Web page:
Matt EmersonOctober 17, 2015

In the winter 2014 edition of Studies in the Spirituality of Jesuits, in his article "Mind and Heart: Toward an Ignatian Spirituality of Study," Nicholas Austin, S.J., asks, "[I]s it possible to see study as a spiritual experience? Because of what Ignatius has taught us in the Rules for Discernment, it is relatively easy to notice, name, and talk about the experiences of consolation and desolation in prayer. At least, this is a skill which Ignatian people learn, with help from spiritual direction. Yet how can one name one’s experiences of consolation and desolation in study?"

To address this question, Austin turns to a writer recently addressed at this blog: Simon Weil. Austin writes:

It helps to note here that the effort to cultivate our ability to be truly focused on a single field of attention, whether that be listening to a person intently, studying a difficult text, or even paying attention to God in prayer, is not merely a means to greater productivity or effectiveness, but is a “Spiritual Exercise” in the full meaning of that term. No one has expressed this insight more pertinently than Simone Weil in her classic essay, “Reflections on the Right Use of School Studies with a View to the Love of God.” She begins with this striking statement: “The key to a Christian conception of studies is the realization that prayer consists of attention.” 

For more of Austin's insightful essay on an Ignatian spirituality of study, click here.  

 

Comments are automatically closed two weeks after an article's initial publication. See our comments policy for more.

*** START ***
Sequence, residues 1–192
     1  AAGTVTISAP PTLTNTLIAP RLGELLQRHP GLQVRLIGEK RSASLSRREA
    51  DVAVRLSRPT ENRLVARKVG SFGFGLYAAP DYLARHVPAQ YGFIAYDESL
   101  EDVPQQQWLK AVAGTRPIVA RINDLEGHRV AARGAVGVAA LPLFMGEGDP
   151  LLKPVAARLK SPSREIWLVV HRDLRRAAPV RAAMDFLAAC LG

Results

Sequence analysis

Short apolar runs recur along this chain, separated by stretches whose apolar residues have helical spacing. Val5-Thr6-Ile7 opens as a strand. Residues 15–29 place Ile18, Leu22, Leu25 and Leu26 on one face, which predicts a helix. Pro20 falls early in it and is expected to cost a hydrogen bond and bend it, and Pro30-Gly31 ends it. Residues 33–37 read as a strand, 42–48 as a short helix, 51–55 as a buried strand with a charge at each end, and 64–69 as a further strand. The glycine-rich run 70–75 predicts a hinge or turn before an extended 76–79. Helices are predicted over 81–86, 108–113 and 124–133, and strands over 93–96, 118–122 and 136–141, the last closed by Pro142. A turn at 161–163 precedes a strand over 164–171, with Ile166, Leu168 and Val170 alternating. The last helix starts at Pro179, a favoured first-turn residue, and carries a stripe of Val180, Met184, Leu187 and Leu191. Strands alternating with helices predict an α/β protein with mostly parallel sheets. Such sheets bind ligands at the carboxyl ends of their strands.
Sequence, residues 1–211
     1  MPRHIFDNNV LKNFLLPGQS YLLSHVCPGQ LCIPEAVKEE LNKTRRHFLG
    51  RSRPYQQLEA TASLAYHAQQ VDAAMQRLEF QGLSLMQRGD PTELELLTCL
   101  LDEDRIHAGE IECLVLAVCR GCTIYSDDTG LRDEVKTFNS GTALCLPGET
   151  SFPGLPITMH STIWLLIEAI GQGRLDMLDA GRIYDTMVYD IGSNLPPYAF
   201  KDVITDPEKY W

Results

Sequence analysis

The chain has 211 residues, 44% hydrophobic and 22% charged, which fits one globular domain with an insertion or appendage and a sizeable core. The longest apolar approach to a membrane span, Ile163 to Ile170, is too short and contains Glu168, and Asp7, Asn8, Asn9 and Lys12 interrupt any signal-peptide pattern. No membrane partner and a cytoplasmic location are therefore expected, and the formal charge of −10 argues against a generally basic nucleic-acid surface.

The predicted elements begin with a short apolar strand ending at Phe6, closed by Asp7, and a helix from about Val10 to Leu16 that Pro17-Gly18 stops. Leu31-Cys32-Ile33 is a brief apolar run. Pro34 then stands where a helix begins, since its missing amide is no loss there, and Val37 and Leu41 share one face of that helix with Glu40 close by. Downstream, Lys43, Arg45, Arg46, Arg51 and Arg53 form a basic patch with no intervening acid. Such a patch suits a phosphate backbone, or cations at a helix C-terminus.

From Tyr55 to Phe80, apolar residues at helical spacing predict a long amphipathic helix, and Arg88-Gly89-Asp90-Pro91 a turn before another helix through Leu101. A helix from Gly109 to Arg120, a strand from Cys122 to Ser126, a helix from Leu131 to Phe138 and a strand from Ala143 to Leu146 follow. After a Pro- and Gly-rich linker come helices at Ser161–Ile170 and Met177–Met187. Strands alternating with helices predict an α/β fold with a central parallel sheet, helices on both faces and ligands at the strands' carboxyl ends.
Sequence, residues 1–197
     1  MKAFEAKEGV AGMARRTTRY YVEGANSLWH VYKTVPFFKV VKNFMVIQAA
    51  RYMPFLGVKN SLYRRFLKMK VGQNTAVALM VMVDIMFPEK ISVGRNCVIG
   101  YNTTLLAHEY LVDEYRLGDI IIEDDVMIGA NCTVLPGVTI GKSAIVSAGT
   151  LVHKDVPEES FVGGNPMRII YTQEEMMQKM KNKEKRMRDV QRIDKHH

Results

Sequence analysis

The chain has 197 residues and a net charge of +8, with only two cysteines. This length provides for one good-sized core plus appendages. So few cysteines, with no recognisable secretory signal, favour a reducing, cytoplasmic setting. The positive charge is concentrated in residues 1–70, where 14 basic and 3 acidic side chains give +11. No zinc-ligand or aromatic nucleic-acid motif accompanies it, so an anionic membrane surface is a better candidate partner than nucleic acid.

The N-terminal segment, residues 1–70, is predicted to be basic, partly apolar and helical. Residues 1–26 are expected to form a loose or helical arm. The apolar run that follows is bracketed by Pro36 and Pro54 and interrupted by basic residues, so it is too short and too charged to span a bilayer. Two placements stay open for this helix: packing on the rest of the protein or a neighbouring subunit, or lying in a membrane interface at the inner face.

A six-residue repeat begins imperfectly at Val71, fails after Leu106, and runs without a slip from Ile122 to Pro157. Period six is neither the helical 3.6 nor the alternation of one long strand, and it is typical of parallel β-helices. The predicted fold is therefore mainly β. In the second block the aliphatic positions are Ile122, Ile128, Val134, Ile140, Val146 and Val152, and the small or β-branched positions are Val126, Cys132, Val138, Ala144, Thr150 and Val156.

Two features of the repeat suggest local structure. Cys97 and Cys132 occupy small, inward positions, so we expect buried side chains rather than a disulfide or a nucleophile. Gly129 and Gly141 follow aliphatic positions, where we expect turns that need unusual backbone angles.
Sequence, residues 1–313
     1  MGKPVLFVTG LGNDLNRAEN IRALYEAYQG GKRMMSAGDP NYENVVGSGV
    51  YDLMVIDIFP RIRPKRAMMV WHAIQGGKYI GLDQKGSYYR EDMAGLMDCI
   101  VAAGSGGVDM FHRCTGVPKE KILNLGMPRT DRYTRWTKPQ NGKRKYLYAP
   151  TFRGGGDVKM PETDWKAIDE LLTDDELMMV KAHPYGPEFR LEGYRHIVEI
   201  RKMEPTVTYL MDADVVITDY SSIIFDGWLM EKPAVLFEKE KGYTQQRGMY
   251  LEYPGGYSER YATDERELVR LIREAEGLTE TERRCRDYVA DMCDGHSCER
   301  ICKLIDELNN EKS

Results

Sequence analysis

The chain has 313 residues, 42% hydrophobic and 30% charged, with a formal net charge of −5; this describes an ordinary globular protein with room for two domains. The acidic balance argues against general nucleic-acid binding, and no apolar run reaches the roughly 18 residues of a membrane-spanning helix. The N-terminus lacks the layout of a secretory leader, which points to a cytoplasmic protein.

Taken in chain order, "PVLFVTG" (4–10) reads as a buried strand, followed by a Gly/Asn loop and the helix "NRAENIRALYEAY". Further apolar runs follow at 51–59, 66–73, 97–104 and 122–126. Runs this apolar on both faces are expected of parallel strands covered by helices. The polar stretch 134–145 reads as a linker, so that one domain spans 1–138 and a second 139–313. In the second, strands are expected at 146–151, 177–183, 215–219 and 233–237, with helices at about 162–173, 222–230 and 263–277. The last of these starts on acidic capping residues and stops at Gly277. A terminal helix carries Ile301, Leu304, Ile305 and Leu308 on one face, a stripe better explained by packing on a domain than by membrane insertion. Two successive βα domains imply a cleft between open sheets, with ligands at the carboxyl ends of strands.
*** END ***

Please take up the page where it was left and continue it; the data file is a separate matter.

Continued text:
The latest from america

I find Dave Chappelle’s concept of empathy for transgender people worth considering — both for what it includes and misses.
Jim McDermottOctober 25, 2021
Pope Francis is pictured during his general audience in the Paul VI hall at the Vatican Sept. 8, 2021. (CNS photo/Paul Haring)
Last year, Pope Francis said, “There can be no stepping back" from the church’s opposition to the death penalty. It is time to put this teaching into action and stop executions in the United States for good.
The worship of expertise, detached from any transcendent perspective, has already plagued modern life. Now rationality is becoming just another weapon with which to attack others.
Luke BurgisOctober 25, 2021
Baltimore Archbishop William E. Lori presides over the closing morning prayer Sept. 23, 2018, during the Fifth National Encuentro in Grapevine, Texas.
“It’s clear that the pope does not agree with the president about abortion. He’s made that exceptionally clear.”